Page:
Definition 1 also restricts the Kite Trap from being a 333LP, even though it actually solves quite well using Roice’s method, which in this case specifically means an edges-first corners-second method. The restriction occurs because the Kite Trap is a jumbling puzzle, and because jumbling puzzles are non-doctrinaire by definition, they fail requirement 2 of the definition. Note that I only found out about the Kite Trap puzzle last December (2021), whereas part II was written in mid-2020.

### Refining the requirements for a 333LP

What I wanted all along was a label for puzzles that were like a 3x3x3 that can also be solved edges-first. But, knowing that my intent was to label puzzles with similar solutions, I could have stated the requirements more directly. For example, instead of requiring the puzzle not be “limited in size” (Definition 1, requirement 2), I could have written that the puzzle must be solved with a certain family of algorithms, and let that requirement do the heavy work.

Definition 2: Let * after a turn represent doing a turn by any amount. A three-dimensional 3x3x3-like puzzle (333LP) is a twisty puzzle that either satisfies the following conditions, or is a sticker and/or shape modification of another twisty puzzle that satisfies the following conditions:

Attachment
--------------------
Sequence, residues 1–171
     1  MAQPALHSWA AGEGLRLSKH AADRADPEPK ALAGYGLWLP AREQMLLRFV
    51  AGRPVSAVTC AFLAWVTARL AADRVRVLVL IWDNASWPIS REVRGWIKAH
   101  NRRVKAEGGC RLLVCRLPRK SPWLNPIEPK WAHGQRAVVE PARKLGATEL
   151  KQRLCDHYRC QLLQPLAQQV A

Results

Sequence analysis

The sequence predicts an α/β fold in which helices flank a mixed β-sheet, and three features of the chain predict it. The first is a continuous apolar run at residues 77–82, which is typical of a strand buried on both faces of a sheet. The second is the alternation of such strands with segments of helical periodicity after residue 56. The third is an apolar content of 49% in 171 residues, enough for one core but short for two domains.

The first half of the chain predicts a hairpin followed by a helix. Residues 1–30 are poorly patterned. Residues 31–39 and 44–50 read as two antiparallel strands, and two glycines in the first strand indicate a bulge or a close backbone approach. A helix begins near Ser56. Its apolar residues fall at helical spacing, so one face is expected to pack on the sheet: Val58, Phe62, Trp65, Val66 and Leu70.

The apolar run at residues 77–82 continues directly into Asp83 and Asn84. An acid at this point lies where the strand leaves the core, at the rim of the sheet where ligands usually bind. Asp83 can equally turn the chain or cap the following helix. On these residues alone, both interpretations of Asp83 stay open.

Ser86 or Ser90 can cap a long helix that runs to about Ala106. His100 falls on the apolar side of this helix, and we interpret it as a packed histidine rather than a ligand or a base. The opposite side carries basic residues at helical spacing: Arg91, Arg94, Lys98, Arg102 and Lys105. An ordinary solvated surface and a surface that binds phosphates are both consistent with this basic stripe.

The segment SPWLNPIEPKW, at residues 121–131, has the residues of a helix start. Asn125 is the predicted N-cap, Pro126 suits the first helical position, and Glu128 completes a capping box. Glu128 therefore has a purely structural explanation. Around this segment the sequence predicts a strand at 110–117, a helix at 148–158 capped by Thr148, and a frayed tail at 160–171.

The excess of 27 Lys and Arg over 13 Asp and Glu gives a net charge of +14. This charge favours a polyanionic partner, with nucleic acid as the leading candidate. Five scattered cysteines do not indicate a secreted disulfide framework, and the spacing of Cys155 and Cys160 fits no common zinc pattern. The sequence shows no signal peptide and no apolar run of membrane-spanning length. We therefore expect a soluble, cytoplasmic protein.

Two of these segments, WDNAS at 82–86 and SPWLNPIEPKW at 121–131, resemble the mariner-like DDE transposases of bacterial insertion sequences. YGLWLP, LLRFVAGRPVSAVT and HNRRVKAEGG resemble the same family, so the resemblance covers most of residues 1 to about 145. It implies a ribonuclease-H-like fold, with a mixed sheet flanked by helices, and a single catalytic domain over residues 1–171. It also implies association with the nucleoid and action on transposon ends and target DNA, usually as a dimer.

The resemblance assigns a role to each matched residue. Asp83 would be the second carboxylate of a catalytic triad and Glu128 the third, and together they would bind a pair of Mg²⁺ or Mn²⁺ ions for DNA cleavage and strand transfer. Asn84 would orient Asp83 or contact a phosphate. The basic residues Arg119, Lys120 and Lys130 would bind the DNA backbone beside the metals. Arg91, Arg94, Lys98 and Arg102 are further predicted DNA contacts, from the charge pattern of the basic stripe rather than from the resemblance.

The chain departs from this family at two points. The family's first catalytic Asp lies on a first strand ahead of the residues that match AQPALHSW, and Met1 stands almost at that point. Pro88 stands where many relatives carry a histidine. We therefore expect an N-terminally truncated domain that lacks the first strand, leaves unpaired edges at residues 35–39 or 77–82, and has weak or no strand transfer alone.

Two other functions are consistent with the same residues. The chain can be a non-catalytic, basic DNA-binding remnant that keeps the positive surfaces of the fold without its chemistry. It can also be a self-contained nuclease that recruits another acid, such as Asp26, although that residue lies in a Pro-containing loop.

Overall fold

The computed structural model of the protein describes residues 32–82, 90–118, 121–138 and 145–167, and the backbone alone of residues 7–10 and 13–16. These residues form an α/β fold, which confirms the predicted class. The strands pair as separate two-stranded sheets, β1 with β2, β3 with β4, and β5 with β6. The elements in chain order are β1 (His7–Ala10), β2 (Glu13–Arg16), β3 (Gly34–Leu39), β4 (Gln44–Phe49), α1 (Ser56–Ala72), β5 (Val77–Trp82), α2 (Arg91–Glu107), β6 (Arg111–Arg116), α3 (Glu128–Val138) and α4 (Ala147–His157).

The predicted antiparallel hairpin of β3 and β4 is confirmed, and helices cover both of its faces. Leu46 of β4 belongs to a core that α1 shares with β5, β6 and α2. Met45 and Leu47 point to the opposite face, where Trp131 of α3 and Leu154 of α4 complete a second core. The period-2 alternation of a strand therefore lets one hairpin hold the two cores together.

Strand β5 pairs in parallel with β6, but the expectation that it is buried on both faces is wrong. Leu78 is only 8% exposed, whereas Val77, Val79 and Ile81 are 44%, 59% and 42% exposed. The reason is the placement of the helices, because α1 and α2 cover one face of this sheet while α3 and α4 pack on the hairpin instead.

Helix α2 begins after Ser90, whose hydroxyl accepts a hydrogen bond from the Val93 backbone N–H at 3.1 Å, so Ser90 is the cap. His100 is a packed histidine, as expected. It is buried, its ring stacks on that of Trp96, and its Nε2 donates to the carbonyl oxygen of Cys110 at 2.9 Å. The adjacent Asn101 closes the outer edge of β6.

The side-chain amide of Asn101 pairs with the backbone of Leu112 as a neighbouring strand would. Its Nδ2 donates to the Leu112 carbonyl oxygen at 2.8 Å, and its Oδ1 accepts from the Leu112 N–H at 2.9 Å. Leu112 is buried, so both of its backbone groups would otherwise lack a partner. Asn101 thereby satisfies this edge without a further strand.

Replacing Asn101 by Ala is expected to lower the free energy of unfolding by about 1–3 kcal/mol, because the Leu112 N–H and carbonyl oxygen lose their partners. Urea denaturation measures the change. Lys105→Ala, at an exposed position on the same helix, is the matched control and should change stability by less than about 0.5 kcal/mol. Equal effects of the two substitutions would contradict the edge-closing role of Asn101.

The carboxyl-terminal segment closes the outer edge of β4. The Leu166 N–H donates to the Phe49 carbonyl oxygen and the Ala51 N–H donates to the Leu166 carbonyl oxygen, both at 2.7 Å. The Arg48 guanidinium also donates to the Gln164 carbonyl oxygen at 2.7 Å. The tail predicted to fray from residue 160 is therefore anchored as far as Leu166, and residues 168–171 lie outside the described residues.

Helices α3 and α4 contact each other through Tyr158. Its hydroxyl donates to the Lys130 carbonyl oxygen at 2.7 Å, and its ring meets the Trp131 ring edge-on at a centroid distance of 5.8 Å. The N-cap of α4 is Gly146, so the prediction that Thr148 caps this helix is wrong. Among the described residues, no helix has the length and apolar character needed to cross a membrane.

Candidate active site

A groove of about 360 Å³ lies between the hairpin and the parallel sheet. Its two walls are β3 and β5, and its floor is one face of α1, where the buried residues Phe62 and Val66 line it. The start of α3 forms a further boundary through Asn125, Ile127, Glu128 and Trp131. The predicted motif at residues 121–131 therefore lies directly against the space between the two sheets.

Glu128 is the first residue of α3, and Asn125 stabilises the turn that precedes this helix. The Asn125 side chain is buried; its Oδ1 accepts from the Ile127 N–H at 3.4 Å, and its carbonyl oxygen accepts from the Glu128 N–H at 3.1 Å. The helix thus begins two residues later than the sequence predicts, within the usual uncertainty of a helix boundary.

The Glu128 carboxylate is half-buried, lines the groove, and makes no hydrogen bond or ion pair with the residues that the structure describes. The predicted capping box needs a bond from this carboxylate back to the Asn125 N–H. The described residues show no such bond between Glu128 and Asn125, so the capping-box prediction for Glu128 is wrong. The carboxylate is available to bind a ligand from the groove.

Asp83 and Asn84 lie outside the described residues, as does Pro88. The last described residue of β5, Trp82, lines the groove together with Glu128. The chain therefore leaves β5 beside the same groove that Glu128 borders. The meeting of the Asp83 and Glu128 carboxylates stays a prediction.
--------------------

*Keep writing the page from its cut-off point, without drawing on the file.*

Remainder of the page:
1. The twisty puzzle is face-turning and has at most one centre per face. The centres must also be fixed.
2. The twisty puzzle lends itself to an edges-first corners-second solution.
3. For the solution in requirement 2, all edges of the puzzle must be solvable using the commutators [R*, U*] and/or [R’*, F*], and all corners of the puzzle must be solvable using the commutators [[R*, U*], D*] and/or [[R’*, F*], D*].

We assume for requirement 3 that the puzzle has faces that can be labelled U, R, F, D, and be mapped onto the standard U, R, F, and D faces of the 3x3x3, respectively, with the same adjacency rules.

Definition 2 allows puzzles such as the following to be counted as 333LPs: